Generally, there is no way to prevent a user changing his node's MAC address. You're left with detecting MAC spoofing.
On wired networks you may want to enforce strict MAC-port association - you only accept a given MAC on its assigned port and on a given port you only accepted the assigned MAC. I'll also want to watch link states very closely - after a link down/up event occured you can't trust the MAC on that link any more, the node may have been replaced with a spoofing node.
A common approach to authenticate links before admitting them to the network is 802.1X port authentication. However, 802.1X has many attack vectors and there are numerous extensions for preventing that - or rather, make it harder.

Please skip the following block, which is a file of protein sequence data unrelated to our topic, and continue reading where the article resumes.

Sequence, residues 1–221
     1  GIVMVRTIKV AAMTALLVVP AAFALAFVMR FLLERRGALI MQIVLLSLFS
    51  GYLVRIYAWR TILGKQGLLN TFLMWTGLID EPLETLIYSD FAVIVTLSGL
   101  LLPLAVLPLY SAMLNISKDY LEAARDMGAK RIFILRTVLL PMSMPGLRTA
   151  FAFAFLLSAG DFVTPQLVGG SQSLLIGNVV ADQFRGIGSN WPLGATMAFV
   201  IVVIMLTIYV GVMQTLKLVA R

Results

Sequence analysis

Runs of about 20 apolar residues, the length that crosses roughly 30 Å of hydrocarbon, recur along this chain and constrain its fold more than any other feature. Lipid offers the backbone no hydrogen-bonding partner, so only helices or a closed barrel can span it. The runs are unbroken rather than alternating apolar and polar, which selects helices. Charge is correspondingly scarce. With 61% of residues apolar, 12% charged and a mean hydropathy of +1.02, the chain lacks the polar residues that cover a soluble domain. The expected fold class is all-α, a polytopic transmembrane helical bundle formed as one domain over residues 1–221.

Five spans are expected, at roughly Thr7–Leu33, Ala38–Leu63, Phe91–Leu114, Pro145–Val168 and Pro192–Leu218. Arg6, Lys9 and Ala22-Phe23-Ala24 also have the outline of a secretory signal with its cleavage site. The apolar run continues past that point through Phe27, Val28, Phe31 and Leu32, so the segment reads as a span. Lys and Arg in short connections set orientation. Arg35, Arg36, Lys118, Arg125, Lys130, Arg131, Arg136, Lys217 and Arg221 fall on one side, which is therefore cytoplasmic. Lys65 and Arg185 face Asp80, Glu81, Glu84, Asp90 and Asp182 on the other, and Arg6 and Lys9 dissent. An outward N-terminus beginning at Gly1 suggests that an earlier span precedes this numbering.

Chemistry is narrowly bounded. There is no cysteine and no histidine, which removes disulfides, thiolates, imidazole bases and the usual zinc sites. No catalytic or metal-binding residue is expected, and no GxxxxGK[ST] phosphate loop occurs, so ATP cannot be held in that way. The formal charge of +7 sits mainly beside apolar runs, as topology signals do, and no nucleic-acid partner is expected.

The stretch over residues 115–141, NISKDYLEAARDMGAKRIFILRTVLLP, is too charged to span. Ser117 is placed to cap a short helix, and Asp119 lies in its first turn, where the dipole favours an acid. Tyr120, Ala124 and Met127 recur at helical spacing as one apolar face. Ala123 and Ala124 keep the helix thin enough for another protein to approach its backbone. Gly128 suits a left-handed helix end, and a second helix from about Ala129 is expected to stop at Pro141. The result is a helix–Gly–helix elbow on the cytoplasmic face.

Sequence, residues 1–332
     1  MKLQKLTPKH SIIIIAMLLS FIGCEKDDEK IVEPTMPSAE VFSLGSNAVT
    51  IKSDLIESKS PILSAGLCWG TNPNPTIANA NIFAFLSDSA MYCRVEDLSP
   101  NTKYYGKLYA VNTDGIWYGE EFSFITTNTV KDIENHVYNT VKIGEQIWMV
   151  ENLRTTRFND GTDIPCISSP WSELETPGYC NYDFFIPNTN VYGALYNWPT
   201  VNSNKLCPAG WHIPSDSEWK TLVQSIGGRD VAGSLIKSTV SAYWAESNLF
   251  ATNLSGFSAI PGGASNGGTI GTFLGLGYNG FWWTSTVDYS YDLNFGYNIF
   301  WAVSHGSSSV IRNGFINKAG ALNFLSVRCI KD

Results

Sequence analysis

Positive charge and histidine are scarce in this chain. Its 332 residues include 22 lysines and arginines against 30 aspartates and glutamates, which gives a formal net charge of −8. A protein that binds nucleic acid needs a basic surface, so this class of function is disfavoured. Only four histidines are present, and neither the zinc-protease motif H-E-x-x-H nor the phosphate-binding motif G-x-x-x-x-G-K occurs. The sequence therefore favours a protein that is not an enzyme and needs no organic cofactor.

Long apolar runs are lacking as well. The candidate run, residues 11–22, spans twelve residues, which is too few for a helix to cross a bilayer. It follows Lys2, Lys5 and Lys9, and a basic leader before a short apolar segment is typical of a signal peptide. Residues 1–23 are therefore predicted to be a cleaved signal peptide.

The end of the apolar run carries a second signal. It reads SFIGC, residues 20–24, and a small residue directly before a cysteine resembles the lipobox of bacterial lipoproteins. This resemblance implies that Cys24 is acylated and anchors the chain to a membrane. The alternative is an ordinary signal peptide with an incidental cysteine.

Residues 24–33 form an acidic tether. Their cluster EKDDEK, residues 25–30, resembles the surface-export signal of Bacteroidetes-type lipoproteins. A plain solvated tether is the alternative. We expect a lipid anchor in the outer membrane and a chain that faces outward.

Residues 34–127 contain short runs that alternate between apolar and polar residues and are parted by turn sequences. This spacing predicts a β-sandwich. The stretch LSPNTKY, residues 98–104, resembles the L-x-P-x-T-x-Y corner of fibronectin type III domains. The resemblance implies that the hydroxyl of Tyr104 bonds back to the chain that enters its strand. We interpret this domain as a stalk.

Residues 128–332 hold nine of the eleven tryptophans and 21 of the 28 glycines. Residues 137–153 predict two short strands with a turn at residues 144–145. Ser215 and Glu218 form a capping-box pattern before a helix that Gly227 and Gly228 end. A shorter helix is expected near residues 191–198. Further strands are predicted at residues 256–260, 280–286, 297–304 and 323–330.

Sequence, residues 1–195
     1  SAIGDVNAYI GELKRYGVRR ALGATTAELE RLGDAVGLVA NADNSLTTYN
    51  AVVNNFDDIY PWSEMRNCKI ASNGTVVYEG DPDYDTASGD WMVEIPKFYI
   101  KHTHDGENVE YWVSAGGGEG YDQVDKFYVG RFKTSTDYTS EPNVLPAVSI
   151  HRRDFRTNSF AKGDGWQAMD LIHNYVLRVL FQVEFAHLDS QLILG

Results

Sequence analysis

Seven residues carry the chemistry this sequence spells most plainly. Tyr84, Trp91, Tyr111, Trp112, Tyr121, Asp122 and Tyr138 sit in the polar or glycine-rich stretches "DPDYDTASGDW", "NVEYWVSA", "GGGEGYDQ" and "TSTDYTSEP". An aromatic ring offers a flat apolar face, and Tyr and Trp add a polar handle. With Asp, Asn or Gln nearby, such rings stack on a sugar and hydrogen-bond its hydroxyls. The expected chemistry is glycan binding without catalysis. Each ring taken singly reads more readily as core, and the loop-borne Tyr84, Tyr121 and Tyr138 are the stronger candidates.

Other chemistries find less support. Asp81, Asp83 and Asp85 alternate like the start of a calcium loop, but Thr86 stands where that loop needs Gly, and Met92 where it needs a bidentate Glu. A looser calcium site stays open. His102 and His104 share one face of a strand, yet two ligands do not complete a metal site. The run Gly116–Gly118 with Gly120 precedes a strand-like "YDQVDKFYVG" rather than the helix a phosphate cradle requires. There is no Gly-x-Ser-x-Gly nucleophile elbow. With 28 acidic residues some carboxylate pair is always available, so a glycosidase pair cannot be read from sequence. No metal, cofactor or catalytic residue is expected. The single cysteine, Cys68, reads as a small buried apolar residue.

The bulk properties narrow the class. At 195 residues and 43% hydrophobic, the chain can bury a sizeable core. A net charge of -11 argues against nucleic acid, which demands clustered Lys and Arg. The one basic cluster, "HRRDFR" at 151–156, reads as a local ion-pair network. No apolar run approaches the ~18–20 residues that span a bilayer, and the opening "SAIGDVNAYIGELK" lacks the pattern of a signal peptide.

On wireless networks you use 802.1X authentication by default, so you know who's gaining access. The MAC address is pretty much useless for security here since anyone can use any address. Of course, you can monitor a node's geographic location through the radio parameters, but this isn't possible with a mobile node.
Fingerprinting a node (through its OS/stack) helps to raise the bar but isn't 100% reliable - an attacker could spoof that as well.
What you're left with - depending on the security level you really require - is a cryptographic approach with a PKI or centrally managed keys.